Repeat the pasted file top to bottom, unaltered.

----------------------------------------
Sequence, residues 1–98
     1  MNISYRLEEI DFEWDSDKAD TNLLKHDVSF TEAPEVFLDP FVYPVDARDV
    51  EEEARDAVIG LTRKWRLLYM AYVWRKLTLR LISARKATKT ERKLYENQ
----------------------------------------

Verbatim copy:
Sequence, residues 1–98
     1  MNISYRLEEI DFEWDSDKAD TNLLKHDVSF TEAPEVFLDP FVYPVDARDV
    51  EEEARDAVIG LTRKWRLLYM AYVWRKLTLR LISARKATKT ERKLYENQ